Digging your potatoes at the right time gives you big potatoes with little to no loss. It’s good to have an idea of when to harvest potatoes and the variables that alter the harvest time.
In Michigan, potatoes are usually harvested from late July through August. Early-planted or fall-planted potatoes are usually harvested in harvested June or early July. Potatoes for fresh eating can be dug early, as soon as the blossoms fall off, but potatoes left to full maturity will be larger and store better.
There are five variables that can affect harvest time by a month or more. And, some varieties mature much later than others. Here’s what you need to know.
When do Potatoes Mature?
Potatoes fully mature right as the plant begins to die off, usually 90-120 days after spring planting. Smaller varieties, like Irish Cobbler, mature earlier, after 80-90 days. Large storage varieties, like russets, usually take 110 or more days to mature in good weather. Potatoes are often harvested a little early.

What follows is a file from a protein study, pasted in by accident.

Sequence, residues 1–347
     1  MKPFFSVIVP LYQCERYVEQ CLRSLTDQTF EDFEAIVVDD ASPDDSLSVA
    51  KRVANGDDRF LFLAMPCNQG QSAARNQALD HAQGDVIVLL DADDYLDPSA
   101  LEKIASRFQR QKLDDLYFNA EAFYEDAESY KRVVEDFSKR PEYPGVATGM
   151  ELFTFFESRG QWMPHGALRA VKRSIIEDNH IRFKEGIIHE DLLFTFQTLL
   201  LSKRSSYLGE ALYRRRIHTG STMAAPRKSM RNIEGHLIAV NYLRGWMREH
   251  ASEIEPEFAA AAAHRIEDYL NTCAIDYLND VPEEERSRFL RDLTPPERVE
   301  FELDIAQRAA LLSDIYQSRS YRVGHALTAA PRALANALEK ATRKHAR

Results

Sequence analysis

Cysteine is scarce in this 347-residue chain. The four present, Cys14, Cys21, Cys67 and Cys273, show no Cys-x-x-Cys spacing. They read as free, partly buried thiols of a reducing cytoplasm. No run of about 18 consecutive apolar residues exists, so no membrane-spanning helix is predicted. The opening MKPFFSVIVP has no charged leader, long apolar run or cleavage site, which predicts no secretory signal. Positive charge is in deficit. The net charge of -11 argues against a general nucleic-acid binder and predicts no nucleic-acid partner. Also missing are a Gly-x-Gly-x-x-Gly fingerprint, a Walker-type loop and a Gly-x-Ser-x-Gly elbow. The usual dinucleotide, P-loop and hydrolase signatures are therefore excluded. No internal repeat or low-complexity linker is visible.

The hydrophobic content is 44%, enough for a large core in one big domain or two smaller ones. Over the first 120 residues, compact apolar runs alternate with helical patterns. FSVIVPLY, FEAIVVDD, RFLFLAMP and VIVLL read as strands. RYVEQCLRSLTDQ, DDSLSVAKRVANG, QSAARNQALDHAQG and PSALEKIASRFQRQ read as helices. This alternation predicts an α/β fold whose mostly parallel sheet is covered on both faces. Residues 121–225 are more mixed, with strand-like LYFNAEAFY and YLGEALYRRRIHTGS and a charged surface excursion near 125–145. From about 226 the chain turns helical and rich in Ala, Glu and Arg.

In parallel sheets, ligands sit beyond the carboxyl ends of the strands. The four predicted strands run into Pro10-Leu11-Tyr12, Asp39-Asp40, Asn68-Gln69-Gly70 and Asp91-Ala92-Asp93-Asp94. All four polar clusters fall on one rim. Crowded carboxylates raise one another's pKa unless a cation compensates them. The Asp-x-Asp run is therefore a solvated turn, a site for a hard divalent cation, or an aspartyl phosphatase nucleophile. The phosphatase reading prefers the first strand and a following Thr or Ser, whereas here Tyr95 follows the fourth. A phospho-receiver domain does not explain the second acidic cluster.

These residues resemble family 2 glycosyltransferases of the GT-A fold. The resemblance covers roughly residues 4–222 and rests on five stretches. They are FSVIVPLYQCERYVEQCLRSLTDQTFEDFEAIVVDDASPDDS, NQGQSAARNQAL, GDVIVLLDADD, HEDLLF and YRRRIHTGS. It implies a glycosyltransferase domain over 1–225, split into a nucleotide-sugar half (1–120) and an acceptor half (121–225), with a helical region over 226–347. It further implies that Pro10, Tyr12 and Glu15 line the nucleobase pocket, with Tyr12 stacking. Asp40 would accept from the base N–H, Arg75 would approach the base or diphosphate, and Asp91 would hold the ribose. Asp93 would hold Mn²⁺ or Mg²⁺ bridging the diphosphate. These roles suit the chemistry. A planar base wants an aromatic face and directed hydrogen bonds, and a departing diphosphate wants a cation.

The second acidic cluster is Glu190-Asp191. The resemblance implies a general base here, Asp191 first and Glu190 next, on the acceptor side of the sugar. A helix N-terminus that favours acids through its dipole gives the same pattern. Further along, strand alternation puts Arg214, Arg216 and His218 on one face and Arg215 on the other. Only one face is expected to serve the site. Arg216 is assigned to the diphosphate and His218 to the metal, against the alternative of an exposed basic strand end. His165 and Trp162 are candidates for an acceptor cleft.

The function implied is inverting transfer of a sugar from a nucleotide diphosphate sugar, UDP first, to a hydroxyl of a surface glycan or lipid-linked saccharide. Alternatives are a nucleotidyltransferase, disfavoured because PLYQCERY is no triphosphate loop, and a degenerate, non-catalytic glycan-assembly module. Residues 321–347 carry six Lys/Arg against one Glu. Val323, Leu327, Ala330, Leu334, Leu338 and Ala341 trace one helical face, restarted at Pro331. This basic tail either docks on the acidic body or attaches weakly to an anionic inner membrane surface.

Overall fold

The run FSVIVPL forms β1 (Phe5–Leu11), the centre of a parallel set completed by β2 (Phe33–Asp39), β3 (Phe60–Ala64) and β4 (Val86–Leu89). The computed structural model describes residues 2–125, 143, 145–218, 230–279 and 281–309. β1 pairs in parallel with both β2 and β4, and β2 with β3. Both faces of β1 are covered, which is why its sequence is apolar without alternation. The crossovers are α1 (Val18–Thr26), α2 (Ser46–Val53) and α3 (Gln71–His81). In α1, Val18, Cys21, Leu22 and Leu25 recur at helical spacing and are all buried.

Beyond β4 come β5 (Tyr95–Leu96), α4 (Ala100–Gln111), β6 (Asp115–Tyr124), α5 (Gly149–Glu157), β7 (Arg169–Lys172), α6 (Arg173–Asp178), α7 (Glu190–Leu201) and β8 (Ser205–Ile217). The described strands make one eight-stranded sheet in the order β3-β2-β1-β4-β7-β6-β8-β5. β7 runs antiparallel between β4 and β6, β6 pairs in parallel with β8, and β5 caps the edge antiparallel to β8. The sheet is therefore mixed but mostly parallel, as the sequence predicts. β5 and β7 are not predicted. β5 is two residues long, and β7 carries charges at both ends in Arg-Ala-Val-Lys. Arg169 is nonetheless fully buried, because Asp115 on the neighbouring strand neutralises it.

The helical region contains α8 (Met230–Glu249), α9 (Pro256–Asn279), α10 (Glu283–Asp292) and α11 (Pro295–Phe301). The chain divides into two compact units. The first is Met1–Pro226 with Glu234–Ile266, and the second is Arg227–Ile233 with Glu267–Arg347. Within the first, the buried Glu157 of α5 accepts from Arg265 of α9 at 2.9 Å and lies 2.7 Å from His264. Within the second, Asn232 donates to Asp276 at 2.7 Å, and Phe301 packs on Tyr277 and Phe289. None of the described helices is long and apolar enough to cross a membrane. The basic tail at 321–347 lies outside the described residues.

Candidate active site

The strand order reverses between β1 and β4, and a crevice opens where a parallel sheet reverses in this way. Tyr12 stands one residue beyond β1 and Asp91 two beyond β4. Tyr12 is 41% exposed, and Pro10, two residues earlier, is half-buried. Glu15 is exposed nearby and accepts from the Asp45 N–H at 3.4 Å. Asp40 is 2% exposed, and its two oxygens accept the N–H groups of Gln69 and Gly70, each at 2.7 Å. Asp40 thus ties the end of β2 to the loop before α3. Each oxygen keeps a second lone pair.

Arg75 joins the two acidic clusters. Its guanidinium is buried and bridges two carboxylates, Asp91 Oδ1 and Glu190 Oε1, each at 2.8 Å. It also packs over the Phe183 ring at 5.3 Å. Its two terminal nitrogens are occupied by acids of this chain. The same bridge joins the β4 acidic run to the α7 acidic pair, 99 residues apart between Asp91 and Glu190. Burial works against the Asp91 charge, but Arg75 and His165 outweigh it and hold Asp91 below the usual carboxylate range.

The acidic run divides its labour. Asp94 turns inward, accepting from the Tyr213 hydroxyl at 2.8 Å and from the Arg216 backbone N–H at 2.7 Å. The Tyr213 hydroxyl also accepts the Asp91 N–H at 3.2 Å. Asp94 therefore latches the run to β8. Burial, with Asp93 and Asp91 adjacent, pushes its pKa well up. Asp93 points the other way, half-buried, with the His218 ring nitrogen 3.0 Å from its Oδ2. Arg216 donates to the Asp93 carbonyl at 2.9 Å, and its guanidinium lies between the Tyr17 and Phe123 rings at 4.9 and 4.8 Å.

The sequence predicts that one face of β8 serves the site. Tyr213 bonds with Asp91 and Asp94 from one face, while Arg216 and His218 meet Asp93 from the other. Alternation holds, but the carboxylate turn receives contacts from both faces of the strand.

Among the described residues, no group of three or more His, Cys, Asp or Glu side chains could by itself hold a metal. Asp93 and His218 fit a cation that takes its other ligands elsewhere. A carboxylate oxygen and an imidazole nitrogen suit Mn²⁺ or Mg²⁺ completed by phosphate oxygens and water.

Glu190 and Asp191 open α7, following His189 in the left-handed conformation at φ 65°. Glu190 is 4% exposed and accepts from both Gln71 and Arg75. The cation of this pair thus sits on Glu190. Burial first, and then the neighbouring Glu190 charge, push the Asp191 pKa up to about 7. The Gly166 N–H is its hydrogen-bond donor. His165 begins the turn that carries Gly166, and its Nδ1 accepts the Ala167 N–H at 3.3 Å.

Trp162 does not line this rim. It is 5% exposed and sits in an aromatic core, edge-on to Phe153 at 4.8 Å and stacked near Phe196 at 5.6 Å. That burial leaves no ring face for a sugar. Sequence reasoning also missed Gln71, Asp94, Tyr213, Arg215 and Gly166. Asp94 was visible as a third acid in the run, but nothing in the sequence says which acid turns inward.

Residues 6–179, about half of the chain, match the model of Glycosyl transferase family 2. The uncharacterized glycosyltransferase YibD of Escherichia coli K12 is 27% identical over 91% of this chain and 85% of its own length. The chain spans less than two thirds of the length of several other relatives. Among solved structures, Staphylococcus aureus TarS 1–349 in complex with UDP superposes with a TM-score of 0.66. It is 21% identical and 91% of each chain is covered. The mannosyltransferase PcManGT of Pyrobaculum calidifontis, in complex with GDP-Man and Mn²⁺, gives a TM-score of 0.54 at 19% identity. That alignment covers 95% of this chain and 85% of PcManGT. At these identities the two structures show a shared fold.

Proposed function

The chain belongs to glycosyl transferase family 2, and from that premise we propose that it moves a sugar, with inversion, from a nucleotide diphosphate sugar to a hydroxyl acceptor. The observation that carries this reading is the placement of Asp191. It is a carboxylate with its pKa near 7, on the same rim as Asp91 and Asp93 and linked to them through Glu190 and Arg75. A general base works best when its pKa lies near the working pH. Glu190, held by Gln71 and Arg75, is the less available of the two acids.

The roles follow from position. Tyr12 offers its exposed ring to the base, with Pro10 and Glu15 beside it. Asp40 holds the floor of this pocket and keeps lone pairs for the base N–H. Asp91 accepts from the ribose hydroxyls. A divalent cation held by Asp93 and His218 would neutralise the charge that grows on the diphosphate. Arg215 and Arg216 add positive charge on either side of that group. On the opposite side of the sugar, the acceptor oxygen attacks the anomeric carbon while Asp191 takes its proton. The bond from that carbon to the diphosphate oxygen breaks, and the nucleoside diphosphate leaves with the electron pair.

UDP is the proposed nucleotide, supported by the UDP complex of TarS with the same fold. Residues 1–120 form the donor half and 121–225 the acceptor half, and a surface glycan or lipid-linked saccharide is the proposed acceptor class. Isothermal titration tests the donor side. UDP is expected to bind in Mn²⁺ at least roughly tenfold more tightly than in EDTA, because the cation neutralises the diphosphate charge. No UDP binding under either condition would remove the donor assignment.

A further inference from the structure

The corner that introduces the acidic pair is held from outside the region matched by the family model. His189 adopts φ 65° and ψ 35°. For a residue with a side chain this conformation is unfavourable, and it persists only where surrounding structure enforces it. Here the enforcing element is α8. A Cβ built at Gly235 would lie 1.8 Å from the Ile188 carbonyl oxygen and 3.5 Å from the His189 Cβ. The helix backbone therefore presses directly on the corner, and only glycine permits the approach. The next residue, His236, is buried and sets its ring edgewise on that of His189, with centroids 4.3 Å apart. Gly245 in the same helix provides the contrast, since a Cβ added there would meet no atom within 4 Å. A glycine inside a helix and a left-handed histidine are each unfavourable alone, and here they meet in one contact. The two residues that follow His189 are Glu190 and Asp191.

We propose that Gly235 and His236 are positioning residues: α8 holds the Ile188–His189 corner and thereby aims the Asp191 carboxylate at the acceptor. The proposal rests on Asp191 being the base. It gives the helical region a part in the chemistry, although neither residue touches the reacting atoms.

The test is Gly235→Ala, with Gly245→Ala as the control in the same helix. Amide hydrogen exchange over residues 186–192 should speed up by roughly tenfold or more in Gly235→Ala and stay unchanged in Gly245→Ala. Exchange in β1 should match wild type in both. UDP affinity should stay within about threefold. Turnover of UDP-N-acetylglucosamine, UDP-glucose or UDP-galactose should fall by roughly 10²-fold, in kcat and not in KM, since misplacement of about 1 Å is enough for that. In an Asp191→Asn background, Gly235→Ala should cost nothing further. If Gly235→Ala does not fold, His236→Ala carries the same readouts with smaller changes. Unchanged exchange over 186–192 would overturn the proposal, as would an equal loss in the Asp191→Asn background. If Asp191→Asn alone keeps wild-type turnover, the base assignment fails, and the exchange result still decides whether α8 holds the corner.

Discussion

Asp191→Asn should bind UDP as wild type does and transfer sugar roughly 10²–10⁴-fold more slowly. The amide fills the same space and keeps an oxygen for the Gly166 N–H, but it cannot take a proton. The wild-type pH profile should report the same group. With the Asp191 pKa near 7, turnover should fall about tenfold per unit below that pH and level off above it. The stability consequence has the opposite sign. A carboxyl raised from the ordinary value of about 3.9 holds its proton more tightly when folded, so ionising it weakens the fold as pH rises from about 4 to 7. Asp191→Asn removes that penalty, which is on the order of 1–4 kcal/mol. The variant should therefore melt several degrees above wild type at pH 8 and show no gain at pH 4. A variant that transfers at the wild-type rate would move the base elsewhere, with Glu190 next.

Potato Days to Maturity by Variety (approximate)
|Variety||Days to full maturity||Harvest goal||Description|
|German Butterball||120||6 pounds per plant||Large, creamy, yellow flesh|
|*Kennebec||110||6 pounds per plant||large, white round. Smooth, firm-fleshed.|
|*Pinto Gold||110||6 pounds per plant||Medium, white/red patchy. Creamy|
|Russet||100||6 pounds per plant||Large-medium, brown. Firm flesh|
|Red Pontiac||100||6 pounds per plant||Medium-large red, round firm flesh.|
|*Yukon Gold||90||5 pounds per plant||Medium, round, yellow. Very creamy|
|*Red Norland||90||5 pounds per plant||Medium to large, red with thin skin.|
|*Adirondack Blue||90||4-1/2 pounds per plant||Medium, oblong, very firm. Highest yielding blue variety.|
|*Irish Cobbler||80||4 pounds per plant||Medium-small, white. Exceptional flavor.|